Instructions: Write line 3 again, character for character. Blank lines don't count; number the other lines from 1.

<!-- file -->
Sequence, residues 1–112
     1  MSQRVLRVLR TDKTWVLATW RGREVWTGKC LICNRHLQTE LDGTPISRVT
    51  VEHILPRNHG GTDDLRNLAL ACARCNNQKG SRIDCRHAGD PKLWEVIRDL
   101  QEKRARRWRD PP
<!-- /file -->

    51  VEHILPRNHG GTDDLRNLAL ACARCNNQKG SRIDCRHAGD PKLWEVIRDL